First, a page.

Texas woman declared innocent in hacking death of friend

McKINNEY, Texas -- A jury decided Candace Montgomery was acting in self defense when she killed the wife of a former lover with 41 ax blows, but stunned citizens screamed 'Murderer! Murderer!' at the 30-year-old housewife as she fled the courthouse under guard.

A nine-woman, three-man jury Wednesday declared the mother of two young children innocent of murder in the bizarre hacking death of friend and fellow church member Betty Gore in the small northeast Texas town of Wylie.


'As far as I'm concerned, justice will be served. She has to live with it,' said Bob Pomeroy of Norwich, Kan., the victim's father. 'I wouldn't say I was happy with the verdict. We don't know what happened and we never will know what happened.'

Pomeroy discounted Mrs. Montgomery's testimony that she was defending herself after Mrs. Gore confronted her about an affair with Mrs. Gore's husband, Alan, _ then produced an ax.


Mrs. Montgomery, whose private life included two extramarital affairs, showed no emotion when the verdict was read by District Judge Tom Ryan. She fought back tears, however, as she and her husband Pat were whisked out of the Collin County courthouse under heavy guard after Ryan received a letter threatening her life.

As she was hurried to defense attorney Robert Udashen's car, mobbed by reporters, several spectators shouted: 'Murderer! Murderer!'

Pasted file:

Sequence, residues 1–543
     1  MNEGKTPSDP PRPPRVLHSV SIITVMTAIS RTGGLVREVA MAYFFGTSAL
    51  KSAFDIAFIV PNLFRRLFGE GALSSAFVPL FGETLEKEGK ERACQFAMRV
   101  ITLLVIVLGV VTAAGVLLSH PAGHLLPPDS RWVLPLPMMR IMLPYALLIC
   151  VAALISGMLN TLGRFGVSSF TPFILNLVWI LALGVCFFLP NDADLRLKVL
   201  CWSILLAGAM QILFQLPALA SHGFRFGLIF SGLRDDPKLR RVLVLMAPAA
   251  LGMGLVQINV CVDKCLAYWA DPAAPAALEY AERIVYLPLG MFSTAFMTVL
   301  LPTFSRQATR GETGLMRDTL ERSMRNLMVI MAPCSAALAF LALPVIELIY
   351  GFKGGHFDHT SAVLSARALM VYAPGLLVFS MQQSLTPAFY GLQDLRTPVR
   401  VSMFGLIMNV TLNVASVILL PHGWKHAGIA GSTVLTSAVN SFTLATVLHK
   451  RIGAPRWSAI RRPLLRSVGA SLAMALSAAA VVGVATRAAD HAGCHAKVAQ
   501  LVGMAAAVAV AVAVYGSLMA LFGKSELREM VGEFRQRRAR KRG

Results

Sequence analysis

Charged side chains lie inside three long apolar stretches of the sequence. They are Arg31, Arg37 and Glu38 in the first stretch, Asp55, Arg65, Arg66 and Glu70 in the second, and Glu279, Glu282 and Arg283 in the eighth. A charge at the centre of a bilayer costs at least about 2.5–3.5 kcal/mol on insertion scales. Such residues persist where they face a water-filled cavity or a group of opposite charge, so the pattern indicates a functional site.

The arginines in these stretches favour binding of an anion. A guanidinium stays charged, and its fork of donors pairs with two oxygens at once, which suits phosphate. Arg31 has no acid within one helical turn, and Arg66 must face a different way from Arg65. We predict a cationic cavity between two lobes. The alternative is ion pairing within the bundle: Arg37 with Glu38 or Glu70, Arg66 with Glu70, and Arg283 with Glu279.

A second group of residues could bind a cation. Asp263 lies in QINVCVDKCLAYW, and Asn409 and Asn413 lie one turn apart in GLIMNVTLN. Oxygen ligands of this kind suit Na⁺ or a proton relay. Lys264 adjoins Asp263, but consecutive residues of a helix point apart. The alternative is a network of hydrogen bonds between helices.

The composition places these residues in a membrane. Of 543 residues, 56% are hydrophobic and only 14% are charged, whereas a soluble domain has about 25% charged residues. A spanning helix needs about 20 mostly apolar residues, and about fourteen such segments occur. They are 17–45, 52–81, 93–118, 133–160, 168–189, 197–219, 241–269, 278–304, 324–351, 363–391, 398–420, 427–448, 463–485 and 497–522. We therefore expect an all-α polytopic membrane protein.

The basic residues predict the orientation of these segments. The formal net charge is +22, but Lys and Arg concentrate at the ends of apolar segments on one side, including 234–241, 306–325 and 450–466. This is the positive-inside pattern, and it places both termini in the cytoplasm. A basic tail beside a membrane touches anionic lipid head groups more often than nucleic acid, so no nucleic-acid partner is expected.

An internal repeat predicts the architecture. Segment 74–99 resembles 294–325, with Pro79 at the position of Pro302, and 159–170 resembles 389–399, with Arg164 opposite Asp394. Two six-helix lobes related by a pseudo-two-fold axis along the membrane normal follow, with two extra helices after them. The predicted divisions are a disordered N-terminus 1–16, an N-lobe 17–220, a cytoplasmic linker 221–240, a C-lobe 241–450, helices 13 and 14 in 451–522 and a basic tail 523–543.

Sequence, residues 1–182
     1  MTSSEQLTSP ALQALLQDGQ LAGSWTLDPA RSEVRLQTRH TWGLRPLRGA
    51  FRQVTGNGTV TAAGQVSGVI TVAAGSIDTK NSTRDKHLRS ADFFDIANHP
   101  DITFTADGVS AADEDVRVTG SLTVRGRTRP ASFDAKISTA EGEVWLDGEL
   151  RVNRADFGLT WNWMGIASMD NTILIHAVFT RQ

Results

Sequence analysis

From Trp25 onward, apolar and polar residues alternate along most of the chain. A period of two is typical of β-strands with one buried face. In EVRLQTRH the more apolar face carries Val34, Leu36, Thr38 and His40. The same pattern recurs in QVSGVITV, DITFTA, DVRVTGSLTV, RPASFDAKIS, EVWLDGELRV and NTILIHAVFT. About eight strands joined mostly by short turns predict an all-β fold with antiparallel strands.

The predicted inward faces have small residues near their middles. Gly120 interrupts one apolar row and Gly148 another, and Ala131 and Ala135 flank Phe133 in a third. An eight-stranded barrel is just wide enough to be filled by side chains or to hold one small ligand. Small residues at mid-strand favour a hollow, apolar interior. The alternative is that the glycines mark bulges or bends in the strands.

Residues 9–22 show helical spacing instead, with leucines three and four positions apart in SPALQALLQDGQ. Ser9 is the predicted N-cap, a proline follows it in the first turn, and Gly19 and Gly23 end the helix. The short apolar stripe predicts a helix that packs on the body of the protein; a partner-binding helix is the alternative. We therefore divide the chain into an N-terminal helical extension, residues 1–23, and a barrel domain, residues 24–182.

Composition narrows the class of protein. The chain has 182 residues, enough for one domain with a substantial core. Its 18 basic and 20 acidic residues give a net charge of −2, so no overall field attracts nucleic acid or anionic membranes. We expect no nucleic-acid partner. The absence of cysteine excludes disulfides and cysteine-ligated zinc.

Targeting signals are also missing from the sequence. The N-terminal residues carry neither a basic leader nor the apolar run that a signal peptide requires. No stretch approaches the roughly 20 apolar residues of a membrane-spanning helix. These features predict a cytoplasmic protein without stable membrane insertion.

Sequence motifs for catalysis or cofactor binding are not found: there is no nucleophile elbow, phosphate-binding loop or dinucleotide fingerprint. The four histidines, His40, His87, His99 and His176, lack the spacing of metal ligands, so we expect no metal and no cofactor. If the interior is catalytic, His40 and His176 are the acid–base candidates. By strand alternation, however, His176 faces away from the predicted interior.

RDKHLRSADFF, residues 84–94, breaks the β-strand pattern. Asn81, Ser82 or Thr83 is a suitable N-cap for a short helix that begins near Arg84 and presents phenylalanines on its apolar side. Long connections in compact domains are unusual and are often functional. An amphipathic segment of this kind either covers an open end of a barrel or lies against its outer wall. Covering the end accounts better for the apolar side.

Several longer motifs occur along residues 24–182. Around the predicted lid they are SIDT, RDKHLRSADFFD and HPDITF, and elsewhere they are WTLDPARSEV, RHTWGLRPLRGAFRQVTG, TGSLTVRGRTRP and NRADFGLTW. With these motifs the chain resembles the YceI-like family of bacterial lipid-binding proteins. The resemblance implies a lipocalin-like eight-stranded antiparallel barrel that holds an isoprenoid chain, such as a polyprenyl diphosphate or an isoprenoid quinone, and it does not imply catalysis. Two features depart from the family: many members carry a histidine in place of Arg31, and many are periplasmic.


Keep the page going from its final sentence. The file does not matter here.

'How can they let a confessed murderer go free?' asked one elderly spectator.

'Now she'll be able to sleep with some other woman's husband,' another woman added.

'I was shocked and a little upset,' remarked Bobbie Friedrichs, a courtroom spectator.

'She took a life. She should pay. They'll send you to jail for stealing a 5-pound bag of sugar, but if you kill someone you get off scot free,' said a resident of nearby Lewisville who traveled to McKinney just to see the trial.

One spectator, however, wasn't surprised by the verdict, which took the jury little more than three hours to reach. Doris Howard of Denton County said she could understand the jury's thinking because the prosecution did a poor job of presenting its case.

Defense attorney Don Crowder, who faces a four-day jail term after being cited twice last week for contempt of court, said: 'We're just very pleased, very pleased. We're proud the jury had enough courage to stand up.'


In final arguments Wednesday, Crowder told the jury the prosecution had presented 'not one word of evidence that has refuted the testimony of self-defense.'

Drawing jurors to the moments before the killing of Mrs. Gore, Crowder repeated Mrs. Montgomery's testimony _ supported by a polygraph exam _ that Mrs. Gore first produced the ax after confronting the defendant about her affair with her husband.

Crowder said Mrs. Montgomery had to defend herself with deadly force when, after being struck twice with the ax by Mrs. Gore and then gaining control of the weapon, the heavier and larger Mrs. Gore refused to let Mrs. Montgomery go.

But in his closing argument, District Attorney Tom O'Connell argued there were several times when Mrs. Montgomery could have fled the Gore home rather than bludgeon Mrs. Gore with the ax.

He also claimed Mrs. Montgomery struck Betty Gore more _ 41 times _ than was necessary to defend herself.

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